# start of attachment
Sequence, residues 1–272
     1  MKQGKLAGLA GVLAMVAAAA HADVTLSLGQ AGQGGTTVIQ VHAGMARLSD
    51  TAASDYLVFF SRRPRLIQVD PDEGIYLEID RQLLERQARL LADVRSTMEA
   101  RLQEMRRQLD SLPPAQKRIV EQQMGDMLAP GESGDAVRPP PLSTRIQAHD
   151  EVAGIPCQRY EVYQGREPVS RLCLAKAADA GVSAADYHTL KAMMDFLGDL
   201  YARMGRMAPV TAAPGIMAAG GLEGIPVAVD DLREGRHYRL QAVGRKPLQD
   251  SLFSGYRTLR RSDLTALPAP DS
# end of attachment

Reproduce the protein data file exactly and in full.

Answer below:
Sequence, residues 1–272
     1  MKQGKLAGLA GVLAMVAAAA HADVTLSLGQ AGQGGTTVIQ VHAGMARLSD
    51  TAASDYLVFF SRRPRLIQVD PDEGIYLEID RQLLERQARL LADVRSTMEA
   101  RLQEMRRQLD SLPPAQKRIV EQQMGDMLAP GESGDAVRPP PLSTRIQAHD
   151  EVAGIPCQRY EVYQGREPVS RLCLAKAADA GVSAADYHTL KAMMDFLGDL
   201  YARMGRMAPV TAAPGIMAAG GLEGIPVAVD DLREGRHYRL QAVGRKPLQD
   251  SLFSGYRTLR RSDLTALPAP DS